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Pauline Morris, PhD 1968

Pauline Morris: The first ever Ph.D was awarded in 1968

The first Ph.D. on Sociology at Essex was awarded to Pauline Morris in 1968, four years after the department opened. It is likely that she was supervised by Peter Townsend. Pauline Morris was at that time married to Terrence Morris, the criminologist at the London School of Economics. Pauline became Head of the Department of Sociology at South Bank around 1970; and chair of the board of examiners of the B.Sc. London External. She died in the mid 1970’s.

The book  has recently been republished by Aldine and the blurb says:

This classic book allows its readers for the first time to comprehend the size, organization, staffing and operation of a national system of hospitals and residential services for the subnormal. It also allows for the first time, reliable estimates to be given of the scale and severity of certain problems. The basis has been laid for an evaluation of the effectiveness of hospitals for the subnormal. All this has been made possible by a generous grant from the National Society for Mentally Handicapped Children to the Department of Sociology in the University of Essex upon the foundation of the University. Of course, a great deal of further research remains to be done but a preliminary network of information is now available to all those deeply concerned about the handicapped.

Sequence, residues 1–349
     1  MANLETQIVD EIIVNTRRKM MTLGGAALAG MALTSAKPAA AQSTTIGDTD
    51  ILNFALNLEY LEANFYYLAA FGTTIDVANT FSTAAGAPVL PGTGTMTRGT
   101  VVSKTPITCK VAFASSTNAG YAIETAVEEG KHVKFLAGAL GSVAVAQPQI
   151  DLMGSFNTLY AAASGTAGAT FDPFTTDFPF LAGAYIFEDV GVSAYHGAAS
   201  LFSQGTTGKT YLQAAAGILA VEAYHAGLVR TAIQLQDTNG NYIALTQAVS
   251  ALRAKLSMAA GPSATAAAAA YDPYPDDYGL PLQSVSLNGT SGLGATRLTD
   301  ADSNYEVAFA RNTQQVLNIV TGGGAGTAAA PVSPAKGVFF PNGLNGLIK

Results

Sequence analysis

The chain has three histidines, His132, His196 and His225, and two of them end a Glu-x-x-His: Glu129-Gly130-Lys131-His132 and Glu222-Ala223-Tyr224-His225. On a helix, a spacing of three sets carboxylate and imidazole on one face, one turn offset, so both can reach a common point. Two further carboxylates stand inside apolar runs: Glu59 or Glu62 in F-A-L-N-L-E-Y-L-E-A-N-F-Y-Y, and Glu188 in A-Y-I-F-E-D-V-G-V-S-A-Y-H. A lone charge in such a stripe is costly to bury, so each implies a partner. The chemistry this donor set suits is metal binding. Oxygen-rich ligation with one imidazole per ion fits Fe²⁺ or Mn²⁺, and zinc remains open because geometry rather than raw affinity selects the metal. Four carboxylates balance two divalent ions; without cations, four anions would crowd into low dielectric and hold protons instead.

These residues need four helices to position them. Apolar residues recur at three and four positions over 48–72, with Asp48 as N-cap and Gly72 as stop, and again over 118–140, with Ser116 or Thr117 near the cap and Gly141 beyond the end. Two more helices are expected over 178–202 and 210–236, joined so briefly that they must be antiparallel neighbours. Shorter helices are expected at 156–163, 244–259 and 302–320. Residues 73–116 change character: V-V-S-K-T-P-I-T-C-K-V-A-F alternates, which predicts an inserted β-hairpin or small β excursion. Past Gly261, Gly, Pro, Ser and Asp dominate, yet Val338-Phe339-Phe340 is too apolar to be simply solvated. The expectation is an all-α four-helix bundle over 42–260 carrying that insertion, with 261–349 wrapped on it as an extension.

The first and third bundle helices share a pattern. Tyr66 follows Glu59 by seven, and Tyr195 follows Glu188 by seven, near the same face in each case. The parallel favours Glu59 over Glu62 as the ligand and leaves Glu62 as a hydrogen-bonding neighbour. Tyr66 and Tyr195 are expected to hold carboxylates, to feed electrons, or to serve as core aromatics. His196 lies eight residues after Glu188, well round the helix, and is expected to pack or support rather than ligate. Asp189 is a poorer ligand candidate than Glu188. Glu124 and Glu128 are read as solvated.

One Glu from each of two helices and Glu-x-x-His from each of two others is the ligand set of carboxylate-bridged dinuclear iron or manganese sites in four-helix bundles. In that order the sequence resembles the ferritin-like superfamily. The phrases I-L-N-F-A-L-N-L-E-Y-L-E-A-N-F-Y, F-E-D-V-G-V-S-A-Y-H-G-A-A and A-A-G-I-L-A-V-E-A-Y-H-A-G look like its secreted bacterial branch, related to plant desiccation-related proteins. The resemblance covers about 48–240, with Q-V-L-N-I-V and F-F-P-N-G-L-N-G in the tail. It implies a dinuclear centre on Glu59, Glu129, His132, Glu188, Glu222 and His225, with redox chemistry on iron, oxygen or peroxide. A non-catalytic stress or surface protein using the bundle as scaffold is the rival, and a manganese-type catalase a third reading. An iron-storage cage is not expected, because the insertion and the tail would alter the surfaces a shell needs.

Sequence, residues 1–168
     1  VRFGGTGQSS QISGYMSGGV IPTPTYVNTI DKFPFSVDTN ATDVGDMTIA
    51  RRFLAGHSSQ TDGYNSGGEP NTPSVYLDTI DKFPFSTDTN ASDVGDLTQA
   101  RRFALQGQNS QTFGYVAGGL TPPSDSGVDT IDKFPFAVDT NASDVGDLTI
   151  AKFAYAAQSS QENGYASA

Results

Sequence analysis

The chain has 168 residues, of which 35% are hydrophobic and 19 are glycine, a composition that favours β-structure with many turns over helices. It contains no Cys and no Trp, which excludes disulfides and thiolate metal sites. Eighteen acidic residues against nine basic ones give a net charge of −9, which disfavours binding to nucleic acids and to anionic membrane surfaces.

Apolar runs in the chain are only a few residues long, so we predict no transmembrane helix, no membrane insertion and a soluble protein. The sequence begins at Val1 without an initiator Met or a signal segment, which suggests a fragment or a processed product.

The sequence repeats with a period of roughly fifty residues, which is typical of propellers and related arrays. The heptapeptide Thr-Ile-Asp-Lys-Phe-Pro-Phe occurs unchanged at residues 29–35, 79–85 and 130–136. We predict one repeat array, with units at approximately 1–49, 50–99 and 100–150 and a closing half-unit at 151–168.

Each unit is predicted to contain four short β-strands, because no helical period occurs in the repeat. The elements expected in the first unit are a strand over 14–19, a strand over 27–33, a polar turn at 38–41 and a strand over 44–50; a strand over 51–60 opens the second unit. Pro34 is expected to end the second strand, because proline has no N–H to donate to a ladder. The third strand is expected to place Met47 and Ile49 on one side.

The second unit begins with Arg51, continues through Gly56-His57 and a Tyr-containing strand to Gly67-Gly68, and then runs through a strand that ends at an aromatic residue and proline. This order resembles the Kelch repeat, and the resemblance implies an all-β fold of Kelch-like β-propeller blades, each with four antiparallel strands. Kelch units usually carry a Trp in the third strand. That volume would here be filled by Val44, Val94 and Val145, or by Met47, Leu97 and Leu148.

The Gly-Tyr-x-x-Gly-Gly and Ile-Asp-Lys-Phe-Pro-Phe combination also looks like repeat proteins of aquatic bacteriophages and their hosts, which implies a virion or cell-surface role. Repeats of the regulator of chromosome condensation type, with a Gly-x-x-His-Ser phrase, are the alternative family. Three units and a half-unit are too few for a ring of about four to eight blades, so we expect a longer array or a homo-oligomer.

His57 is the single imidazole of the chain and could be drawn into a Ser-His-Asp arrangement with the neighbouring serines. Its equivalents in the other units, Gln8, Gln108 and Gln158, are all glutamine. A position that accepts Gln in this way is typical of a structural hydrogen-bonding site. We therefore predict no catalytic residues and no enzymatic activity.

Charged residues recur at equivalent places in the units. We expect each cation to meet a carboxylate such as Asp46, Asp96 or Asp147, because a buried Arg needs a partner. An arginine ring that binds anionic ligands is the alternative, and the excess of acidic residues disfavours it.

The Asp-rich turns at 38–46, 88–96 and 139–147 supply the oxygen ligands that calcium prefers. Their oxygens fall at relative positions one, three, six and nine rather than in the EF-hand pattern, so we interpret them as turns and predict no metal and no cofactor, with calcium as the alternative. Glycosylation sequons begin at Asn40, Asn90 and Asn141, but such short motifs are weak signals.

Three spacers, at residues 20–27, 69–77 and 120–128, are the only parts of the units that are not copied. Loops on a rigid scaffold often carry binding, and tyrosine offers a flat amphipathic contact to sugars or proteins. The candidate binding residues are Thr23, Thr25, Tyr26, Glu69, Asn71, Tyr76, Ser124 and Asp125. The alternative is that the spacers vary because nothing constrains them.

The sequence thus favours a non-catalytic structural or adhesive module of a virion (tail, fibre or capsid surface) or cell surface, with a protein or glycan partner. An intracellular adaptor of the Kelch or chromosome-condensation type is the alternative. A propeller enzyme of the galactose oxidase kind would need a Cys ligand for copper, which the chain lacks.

This is a study of the range and quality of institutional provisions made in England and Wales for that group of handicapped individuals who are known as mentally deficient. Dr. Morris reports on an investigation, which covered nearly half the hospitals for the sub-normal in the country: many of its findings can only shock and dismay.

The investigation was concerned to discover what facilities-physical, occupational and educational-there was for patients, and to learn more about their social environment. It was also concerned to determine the extent to which both staff and patients are affected by their social environment, and by administrative action, and to learn something of the relationship between the hospital as an institution and the outside community, as well as between the patients and the outside world. In addition, it examined the extent to which the provisions and facilities available met the needs of the patients in relation to their physical and mental handicaps.